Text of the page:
Many young people queue up to ride very fast and scary roller coasters, screaming but enjoying themselves. Other people like to read horror books or watch scary movies at night, scared to death but feeling excited. But why do people like being scared?.
In order to answer it, though, let's look first at the way in which people like to be scared. As we know, some people like scary movies and stories while some like amusement park thrill rides, and a substantial segment of the population actually likes engaging in challenges to their physical safety - like endurance tests and extreme sports. Some persons choose relationships and behaviors, which have the potential to cause great destruction, and still others love the threat of financial disaster (and success) that financial ventures, like the stock market. In other words, people have a whole lot of ways they "like to be scared." .
Actually in the first place, fear is an ancient way of surviving. And there are some evolutionary advantages to being able to adjust the system that is there to protect people. Being scared makes animals (including humans) flee from danger and save themselves. It is because of fear that we have lived through millions of years of evolution. Those who lacked a strong fear response were more likely to be killed and faced up to extinction. The innate reaction we humans get from responding to a threat or crisis is what motivates us to "like to be scared". At the moment we are threatened, we have increased strength, power, heightened senses and intuition. Basically, you can get this feeling defending yourself against a lion in the jungle or sitting in a theater showing a horror film. We, as humans, appear to be irresistible to be drawn to this feeling. It is older than we are as a species, and is tied to our survival; without it, we would have perished and died out long ago. .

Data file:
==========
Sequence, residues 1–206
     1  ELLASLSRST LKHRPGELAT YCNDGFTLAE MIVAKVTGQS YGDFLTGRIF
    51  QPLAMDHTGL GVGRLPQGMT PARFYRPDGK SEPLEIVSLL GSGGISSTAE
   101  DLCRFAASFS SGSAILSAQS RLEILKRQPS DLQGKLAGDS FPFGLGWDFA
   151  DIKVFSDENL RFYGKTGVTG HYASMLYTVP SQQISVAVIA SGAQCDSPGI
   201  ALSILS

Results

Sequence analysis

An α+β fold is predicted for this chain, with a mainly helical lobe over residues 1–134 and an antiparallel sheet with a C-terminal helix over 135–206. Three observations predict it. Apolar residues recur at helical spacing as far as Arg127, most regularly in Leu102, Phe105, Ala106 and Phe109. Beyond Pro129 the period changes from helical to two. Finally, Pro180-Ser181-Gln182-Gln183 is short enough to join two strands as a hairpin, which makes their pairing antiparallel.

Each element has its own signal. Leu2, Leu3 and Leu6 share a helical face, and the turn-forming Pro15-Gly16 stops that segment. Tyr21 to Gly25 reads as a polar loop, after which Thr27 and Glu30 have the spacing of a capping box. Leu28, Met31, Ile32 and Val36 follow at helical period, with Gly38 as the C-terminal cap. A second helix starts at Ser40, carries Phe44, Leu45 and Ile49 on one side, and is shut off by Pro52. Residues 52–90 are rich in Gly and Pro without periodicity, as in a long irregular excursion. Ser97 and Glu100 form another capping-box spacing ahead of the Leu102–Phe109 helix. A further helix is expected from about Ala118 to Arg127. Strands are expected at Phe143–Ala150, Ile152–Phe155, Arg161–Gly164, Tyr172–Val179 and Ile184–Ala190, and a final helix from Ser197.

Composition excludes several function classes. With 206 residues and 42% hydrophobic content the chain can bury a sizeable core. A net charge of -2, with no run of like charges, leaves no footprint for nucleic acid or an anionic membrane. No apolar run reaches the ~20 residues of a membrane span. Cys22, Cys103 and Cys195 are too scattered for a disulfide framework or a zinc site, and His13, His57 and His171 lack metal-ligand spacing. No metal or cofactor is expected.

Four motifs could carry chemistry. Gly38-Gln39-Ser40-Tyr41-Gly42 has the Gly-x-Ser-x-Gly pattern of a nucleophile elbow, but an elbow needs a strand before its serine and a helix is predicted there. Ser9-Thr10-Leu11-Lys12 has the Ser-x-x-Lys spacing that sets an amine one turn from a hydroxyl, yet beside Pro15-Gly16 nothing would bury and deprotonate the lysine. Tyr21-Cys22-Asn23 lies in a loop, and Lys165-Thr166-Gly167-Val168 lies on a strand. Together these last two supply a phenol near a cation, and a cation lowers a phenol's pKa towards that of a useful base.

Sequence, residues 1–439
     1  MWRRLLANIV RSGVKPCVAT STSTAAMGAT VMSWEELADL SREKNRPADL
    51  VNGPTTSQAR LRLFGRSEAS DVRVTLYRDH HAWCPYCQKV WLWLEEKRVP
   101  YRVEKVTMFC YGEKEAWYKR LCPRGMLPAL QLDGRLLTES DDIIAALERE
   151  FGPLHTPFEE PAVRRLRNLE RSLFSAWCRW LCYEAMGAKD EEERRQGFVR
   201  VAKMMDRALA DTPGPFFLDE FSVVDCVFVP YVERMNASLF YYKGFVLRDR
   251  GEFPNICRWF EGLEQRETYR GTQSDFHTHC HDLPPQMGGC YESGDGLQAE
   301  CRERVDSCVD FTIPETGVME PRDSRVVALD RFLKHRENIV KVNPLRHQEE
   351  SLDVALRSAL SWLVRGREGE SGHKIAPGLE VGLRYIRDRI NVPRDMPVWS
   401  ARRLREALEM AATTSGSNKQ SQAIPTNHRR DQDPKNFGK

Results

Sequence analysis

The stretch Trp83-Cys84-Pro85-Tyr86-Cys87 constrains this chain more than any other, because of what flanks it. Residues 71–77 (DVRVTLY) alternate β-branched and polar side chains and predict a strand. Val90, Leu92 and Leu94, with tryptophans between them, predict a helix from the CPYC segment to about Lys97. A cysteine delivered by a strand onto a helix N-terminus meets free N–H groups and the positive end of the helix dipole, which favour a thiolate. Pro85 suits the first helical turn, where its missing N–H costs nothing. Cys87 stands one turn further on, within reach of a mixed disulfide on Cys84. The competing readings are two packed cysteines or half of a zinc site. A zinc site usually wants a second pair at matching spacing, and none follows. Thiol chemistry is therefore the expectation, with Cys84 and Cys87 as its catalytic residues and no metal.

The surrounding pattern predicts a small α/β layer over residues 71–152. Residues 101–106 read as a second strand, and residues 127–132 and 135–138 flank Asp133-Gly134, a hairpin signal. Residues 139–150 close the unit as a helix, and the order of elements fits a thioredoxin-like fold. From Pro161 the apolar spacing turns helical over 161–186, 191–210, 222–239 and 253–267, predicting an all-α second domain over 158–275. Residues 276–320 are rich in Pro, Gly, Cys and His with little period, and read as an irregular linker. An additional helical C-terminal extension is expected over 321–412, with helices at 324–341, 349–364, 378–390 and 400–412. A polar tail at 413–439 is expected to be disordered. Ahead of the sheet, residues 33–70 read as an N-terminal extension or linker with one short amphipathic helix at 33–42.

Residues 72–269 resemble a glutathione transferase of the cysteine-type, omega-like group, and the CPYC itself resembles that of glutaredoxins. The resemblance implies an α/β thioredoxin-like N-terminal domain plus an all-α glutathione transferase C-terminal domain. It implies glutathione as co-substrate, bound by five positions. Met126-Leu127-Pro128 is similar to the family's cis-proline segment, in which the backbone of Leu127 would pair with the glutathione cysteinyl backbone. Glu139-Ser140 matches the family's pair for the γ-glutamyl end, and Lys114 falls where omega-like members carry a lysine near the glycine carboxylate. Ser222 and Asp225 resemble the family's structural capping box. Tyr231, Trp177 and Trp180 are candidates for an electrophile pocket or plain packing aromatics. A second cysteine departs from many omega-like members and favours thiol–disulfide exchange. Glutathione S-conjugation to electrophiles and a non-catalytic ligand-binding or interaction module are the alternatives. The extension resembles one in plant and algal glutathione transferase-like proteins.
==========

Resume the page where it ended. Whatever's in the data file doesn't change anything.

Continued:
How do scientists explain why shivering over such scary things is fun? "Some kids will go to a scary movie and love it and laugh over it, others will feel anxious and hide their faces and some won't even set foot in the cinema-, said Ned Kalin, a US scientist.